Jessica as a young girl was inappropriately touched by her drama teacher Mr.Summer who tried to get into her pants or dress. Mr. Summer being indited for sexual molestation and fired from his job hanged himself on Christmas Eve with his nine-year-old son Dan discovering his body! Dan having it in for Jessica all these years is now in the position to finally get even. **SPOILER ALERT***What Dan will later find out is that his "innocent" dad was a serial rapist with one of his victims being his daughter, and Dan's sister, Andrea. Dan in his deteriorating mental state loses focus on what he's supposed to do by murdering some half dozen persons before he finally get around to his original intended victim Jessica Michaels.
A I was watching the movie I kept wondering just how this very obvious off-the-wall and dangerous psycho was released, if in fact he escaped, from the Greely Mental Institution in the first place! Dan was anything but smart in what he did where you can spot his weirdo-like insanity as soon as you laid eyes on him. So why didn't the psychiatrist see that at the institution that he was committed to! In fact it seemed like nobody in the movie except Jessica's adopted daughter Laura had even an inkling to how crazy Dan was. And Laura was just your normal high-school teenager not a certified or licensed doctor or psychiatrist!
The film tries, with very little success, to follow the usual pattern of the psycho pretending to be normal storyline except that Dan is anything but normal in the movie. Murdering persons like Jessica's dad Mr. Michaels who actually liked the crazy nut as well as his girlfriend, like him a former mental patient, Rachael who, despite treating her like dirt, worshiped the ground he walked on didn't help Dan either. All that did was just throw suspicion on Dan to what a loose nut and potential psycho killer he really was.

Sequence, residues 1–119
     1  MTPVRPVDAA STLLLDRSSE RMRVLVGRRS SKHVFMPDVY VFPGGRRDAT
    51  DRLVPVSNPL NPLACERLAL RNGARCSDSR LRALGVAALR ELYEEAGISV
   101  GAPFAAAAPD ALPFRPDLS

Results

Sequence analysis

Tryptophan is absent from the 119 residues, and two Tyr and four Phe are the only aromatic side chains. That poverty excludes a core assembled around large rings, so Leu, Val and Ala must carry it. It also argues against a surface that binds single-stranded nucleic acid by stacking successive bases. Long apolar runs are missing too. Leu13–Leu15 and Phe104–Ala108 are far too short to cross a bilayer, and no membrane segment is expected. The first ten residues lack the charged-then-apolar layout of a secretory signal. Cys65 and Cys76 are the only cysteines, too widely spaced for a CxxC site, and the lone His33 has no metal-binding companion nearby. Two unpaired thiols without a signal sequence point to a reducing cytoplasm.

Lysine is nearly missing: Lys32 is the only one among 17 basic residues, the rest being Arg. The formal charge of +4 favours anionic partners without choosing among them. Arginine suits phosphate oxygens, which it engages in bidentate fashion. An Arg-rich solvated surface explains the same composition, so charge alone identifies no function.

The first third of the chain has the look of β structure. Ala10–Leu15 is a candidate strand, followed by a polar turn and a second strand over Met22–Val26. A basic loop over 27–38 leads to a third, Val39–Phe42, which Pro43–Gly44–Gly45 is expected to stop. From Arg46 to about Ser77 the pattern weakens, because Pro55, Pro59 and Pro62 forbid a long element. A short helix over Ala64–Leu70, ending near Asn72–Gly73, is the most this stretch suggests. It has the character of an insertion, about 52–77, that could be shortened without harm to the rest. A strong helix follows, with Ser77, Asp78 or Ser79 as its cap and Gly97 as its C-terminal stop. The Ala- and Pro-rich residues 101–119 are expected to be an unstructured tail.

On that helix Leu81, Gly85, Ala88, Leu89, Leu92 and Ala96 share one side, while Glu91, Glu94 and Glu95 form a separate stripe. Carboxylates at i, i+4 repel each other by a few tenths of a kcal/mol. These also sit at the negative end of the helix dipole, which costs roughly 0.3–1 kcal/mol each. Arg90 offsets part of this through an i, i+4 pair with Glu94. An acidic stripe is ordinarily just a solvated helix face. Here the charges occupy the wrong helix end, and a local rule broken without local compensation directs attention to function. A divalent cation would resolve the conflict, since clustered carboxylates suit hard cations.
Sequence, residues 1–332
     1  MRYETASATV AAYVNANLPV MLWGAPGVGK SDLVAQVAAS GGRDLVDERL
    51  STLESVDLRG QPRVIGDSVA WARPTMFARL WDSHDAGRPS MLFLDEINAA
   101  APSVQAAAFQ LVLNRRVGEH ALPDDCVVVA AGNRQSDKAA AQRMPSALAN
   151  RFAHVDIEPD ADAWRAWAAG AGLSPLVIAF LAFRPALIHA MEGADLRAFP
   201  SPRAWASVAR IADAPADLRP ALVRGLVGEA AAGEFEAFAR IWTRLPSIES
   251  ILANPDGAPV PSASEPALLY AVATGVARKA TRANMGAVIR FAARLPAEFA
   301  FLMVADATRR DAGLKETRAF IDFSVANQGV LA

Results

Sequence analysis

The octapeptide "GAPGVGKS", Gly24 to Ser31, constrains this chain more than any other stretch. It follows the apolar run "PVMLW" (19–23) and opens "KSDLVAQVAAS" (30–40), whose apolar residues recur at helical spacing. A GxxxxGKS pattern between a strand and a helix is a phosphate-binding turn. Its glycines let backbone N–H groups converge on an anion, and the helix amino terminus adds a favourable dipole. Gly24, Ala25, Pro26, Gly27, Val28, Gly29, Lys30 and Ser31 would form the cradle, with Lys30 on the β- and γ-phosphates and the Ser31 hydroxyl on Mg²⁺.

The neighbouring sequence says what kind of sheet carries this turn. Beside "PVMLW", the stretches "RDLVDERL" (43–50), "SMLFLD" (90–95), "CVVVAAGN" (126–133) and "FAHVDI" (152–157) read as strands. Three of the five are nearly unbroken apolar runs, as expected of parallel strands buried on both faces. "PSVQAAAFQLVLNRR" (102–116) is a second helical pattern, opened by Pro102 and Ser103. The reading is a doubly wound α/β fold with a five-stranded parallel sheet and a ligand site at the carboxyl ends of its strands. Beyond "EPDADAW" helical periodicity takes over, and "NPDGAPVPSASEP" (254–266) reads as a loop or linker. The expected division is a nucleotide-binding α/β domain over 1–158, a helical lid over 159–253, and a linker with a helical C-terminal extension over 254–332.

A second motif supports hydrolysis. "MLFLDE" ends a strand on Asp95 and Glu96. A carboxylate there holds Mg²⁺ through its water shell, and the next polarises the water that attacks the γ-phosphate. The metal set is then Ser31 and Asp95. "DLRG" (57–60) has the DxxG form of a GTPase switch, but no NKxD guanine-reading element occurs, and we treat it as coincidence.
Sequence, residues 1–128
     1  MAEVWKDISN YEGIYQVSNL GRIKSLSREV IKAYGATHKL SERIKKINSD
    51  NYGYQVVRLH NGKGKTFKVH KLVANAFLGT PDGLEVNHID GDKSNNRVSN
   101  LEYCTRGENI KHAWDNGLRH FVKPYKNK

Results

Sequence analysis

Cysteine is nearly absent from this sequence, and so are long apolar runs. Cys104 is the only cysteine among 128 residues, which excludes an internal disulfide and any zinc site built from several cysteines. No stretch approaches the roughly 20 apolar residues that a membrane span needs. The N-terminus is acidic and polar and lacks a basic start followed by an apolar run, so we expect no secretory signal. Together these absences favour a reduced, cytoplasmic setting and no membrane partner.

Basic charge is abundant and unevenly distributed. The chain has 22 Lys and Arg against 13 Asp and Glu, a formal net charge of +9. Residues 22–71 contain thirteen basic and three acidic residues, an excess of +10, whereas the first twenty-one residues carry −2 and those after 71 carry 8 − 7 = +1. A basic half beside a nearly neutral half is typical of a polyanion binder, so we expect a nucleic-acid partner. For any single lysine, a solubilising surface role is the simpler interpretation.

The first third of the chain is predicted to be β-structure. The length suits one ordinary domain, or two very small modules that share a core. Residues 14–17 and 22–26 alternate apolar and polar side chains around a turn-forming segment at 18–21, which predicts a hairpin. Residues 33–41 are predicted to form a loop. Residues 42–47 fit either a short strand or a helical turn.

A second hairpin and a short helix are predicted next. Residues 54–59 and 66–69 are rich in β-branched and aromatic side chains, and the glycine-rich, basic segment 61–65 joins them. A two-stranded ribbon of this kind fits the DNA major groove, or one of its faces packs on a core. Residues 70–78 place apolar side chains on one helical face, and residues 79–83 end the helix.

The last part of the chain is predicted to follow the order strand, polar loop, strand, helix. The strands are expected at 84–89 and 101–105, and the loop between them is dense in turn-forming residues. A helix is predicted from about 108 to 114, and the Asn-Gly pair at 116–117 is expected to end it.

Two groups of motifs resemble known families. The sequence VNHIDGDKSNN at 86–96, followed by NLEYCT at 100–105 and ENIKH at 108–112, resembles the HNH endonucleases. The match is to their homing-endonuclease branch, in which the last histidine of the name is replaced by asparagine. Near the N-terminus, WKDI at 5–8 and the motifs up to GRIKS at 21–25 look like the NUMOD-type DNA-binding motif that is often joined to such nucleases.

i have to admit i'm not a real fan of thriller movies or any movie with violence (but i liked Silence of the Lambs!)...I'm mostly into romance movies like When Harry met Sally, etc. But I really like Maxwell Caulfield (I don't care what anybody says, he was good in Grease 2!) and Linda Purl is always good and so pretty to look at (rememebr her on Happy Days?) So I rented Perfect Tenant and I really enjoyed it. Maxwell is so bad. I mean this in a good way. He's a bad guy. HE's really creepy and sinister. I watched the movie alone and had to make sure my doors were locked. Maybe I'm just paranoid, who knows. But I liked this movie and recommend it!
My girlfriend rented this movie the other day because she looooves Maxwell Caulfield. I have to say i was pretty impressed. Good acting and creepy scenes. Yes, Maxwell Caulfield is quite good also. So was everyone else. It was great seeing Earl Hollimon. I remember him from all those movies from the 1950's and 1960's and "police Woman" from the 1970s. He's a real pro. All in all for "Perfect Tenant, a thumbs up!
For a straight to video film, this is surprisingly good. It has a very solid script, good actors, and a good director. The tension slowly builds up and the deaths are "clean" which is a nice change from what we usually get. Maxwell Caulfield gives a solid performance. I really enjoyed it.
I wasn't expecting much when I rented it but I was fairly surprised. Overall, "PT" is a solid little flick that accomplishes exactly what it's supposed to. Great performance by Maxwell Caulfield. Linda Purl and Earl Holliman (as daughter and father) are quite good, as is the rest of the cast. Script and all technical aspects are above par. Definitely engaging and worth watching.